Photos by Douglas and Carol Cornell
Shortly after Carol and I became backpackers, we began hearing about Isle Royale National Park. It seems that anyone who is really a backpacker has done an epic hike on this remote island park, located far north in Michigan’s Lake Superior. It took us a few years to build the confidence necessary to complete a multi-day hike, and in September of 2011 we felt we were finally ready.
The first challenge to hiking Isle Royale is getting to Isle Royale. Even if you are able to endure a 10 hour drive to the Keewanaw Peninsula, you will still have to make a difficult 3-hour boat trip from Copper Harbor to the Island (there is a longer 6-hour trip from Houghton if you prefer to save 1.5 hours of driving time).
We took our time on the drive through a sunny and starkly beautiful Upper Peninsula. We spent our first night in Marquette, which is 7 hours from our home near Flint. The next day we meandered through the Keewanaw Peninsula and reached Copper Harbor by mid-morning. We had plenty of time to do some sightseeing and enjoy the beauty of Brockway Mountain and Fort Wilkins State Park. There are a lot of hotels in Copper Harbor, and we had a pleasant room that was less than one mile from the boat dock.
In September, the Isle Royale Queen IV only makes the crossing on Mondays and Fridays. This meant that our trip would last 5 days and 4 nights. Other hikers planned to stay the full week, and we met one guy who was going to hike alone for 14 days!
The biggest part of our planning involved food. Eating trail food for 5 days is often tedious. Carol did a great job of finding a diverse assortment of small, light food items that would provide energy and that we wouldn’t tire of easily. We carried beef jerky, cheese and beef sticks, maple nut goodies, D’fers (Milk Duds and pecans), Tootsie Roll Pops, Coffee Nips, Pay Day candy bars, Cliff energy bars, Crystal Lite drink mix, 20 packages of maple-flavored instant oatmeal, 4 freeze-dried dinner entrees, one freeze-dried banana pudding desert, 2 cans of Pringles, a loaf of bread, peanut butter, jelly, graham crackers, marshmallows, chocolate bars, instant coffee, and tea bags. We distributed all of this equally among our two 65 liter backpacks, which are really intended for weekend trips, not epic 5 day treks! (Note: Backpackers burn about 7000 calories per day on an average 10 mile hike).
For clothing we kept it simple. Since the weather report warned us that the temperatures would begin on the warm side but drop into the 40’s at night, we packed jackets, hats, and gloves. We also took very light long-underwear to sleep in. We brought rain jackets too, just in case (but we never used them). During the day we wore lightweight hiking pants, light socks, a t-shirt, and a light polar fleece top. A hat is mandatory – it keeps the sun out of your eyes, protects you from rain, and hides your God-awful 5-day hiking hairdo from the few people you will see on the trail.
We wore our sturdiest hiking boots. I was warned that the trails on Isle Royale are very, very rocky so ankle support and strong, beefy soles are a must. Plus, with more than 45 pounds on my back, good boots could be the difference between loving or hating the hike.
After a hot shower and hearty breakfast, Carol and I each downed our Dramamine motion sickness pills and headed to the dock where the Isle Royale Queen IV was being prepared by the crew of three. A few nervous-looking hikers were already there. Eventually the trip included about 30 people, including some day-hikers (who would endure the trip twice in one day so they could hike for 2 hours!) and several kayakers and canoeists. Many of our shipmates were going to Isle Royale to fish; others were returning for their 5th or 10th time!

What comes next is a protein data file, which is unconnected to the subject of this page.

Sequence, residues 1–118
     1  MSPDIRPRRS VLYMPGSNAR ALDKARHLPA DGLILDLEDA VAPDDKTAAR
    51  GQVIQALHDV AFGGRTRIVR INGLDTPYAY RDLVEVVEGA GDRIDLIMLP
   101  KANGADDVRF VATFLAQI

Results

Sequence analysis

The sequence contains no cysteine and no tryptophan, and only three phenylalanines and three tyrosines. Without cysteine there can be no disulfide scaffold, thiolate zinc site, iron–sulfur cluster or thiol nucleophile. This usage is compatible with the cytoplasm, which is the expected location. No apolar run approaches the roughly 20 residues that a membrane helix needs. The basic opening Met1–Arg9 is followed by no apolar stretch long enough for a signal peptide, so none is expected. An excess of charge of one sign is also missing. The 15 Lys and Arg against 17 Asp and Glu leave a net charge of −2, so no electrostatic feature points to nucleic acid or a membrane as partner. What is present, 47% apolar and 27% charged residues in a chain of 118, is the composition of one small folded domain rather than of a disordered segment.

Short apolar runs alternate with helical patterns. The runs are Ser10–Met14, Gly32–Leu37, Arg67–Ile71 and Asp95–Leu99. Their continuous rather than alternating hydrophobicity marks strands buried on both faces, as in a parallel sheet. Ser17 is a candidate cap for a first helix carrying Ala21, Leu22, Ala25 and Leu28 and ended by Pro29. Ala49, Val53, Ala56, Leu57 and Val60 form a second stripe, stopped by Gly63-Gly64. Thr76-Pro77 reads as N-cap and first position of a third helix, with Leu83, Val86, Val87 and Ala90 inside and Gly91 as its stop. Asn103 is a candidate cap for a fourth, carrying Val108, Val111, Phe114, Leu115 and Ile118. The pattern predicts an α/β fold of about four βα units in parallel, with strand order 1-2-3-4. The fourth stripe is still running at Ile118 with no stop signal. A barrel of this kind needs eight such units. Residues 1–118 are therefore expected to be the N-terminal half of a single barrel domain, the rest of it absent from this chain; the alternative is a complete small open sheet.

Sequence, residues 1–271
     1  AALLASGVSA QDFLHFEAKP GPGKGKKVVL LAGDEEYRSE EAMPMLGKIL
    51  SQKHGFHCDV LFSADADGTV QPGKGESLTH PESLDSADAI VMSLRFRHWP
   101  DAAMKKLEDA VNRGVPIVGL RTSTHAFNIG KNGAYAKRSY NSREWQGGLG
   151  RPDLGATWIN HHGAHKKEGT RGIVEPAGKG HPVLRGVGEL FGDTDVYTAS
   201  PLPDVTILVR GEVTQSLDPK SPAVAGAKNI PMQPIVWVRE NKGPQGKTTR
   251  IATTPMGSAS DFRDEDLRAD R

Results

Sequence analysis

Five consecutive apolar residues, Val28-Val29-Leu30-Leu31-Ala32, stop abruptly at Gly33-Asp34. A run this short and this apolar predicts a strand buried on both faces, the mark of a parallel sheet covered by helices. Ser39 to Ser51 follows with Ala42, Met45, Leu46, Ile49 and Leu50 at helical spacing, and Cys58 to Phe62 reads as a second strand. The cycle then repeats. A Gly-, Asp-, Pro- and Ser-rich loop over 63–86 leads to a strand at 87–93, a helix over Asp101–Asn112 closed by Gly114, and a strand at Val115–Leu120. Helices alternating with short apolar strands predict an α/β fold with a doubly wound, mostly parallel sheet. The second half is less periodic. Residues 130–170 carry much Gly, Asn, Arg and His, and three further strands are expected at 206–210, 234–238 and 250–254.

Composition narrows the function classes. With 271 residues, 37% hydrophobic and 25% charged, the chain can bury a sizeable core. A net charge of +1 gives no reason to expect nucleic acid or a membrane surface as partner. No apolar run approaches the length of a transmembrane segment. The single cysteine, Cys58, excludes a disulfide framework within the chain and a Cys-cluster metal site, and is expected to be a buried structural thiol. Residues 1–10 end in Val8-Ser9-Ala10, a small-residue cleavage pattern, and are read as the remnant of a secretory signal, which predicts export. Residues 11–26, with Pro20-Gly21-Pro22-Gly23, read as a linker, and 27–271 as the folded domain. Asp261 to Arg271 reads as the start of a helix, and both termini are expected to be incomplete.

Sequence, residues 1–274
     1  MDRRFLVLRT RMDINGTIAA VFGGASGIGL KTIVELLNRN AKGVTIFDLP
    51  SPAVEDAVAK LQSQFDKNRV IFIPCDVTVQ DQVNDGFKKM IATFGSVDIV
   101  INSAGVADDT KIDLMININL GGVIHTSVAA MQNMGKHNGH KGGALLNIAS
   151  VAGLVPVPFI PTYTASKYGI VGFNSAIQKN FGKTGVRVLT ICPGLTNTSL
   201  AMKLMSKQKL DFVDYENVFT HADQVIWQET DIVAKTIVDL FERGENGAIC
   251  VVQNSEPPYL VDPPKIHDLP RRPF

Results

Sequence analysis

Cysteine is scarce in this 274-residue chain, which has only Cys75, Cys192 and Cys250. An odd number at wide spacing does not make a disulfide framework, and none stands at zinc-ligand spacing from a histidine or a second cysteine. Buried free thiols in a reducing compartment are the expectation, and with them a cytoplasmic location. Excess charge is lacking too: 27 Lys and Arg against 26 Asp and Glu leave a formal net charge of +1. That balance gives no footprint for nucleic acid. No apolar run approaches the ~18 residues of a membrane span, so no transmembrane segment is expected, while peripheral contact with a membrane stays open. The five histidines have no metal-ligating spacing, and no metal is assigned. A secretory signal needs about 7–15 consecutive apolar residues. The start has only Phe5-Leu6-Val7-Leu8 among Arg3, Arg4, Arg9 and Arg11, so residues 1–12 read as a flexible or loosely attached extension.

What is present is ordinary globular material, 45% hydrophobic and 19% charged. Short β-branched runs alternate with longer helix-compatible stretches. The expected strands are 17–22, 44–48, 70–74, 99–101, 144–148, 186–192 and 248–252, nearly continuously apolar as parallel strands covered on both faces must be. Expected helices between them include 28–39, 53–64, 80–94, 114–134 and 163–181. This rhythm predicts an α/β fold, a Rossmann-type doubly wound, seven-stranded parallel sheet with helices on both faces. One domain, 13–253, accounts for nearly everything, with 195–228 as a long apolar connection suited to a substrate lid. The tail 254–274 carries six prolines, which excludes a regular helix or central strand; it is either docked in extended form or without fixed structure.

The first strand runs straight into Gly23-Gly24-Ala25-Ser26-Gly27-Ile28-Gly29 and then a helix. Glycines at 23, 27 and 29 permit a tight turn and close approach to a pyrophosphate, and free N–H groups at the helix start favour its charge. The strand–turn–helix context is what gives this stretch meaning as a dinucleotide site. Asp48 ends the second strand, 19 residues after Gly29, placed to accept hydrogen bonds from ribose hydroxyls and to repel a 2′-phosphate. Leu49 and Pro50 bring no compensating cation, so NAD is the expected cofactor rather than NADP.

The first 20 minutes on Lake Superior wasn’t bad. I don’t remember much of the remainder of the trip, because when the boat rocked about 10 feet in each direction, I laid my head on a table and tried to sleep. Two hours later, I sensed a change as the boat entered calmer water. We could see the island in the distance, and I journeyed out to the rail to snap some photos. A couple of guys were leaning over the rail, but I didn’t feel so bad and Carol wasn’t sick at all. The excitement of seeing this island pumped our adrenaline and distracted us from our churning stomachs.
After the boat tied up to the dock at Rock Harbor we were all herded into an area to hear a brief lecture from the one park ranger stationed on the island that day. She warned us about moose, told us not to leave our garbage, and told us to be quiet. She also told us to listen for boat horns – they would find us if for some reason there was an emergency evacuation of the island. We all had to queue up to leave our itinerary and we were then free to go wherever we wanted.
Isle Royale is about 60 miles long, so there was no way most of us would cross the entire distance. Instead, we all had plans to do a loop hike that would take us as far away as possible, yet return us to Rock Harbor in time for the return trip to Copper Harbor. I listened to quite a few hikers describe their itineraries, but no two were exactly alike.
Since there are about 8 campsites on our half of the island, we used the advice of my good friend Jamie Green (who works on the island as a carpenter) and headed north across the island towards Lane Cove.
Day 1 – Rock Harbor to Lane Cove – 8 Miles
For the first few miles, the trail hugs the south shore. The surface is very rocky and is often root-infested. To our left we could see the craggy island shoreline and many smaller islands. To our right was dense wilderness. At this late date in the summer, there are virtually zero mosquitoes or black flies.
At mile three, we began our climb up to the Greenstone Ridge, a spine that runs the entire length of the island. Near the summit of Mt. Franklin, I rounded a corner and spotted a large, dark shape laying in the thick brush immediately to my right.
This was a bull moose! It jumped in fright and immediately began to charge. Fortunately, moose aren’t very smart (and are extremely near-sighted), so it ran away from me instead of trampling me on my first day of hiking. My heart zoomed to 200 BPM, and by the time Carol rounded the bend just 10 feet behind me, the episode was over. We both heard moose snorts in the woods, an indication that the animal was annoyed. For the remainder of the trip, I never let my guard down and remained vigilant. I did not want either of us to be stomped on by a moose.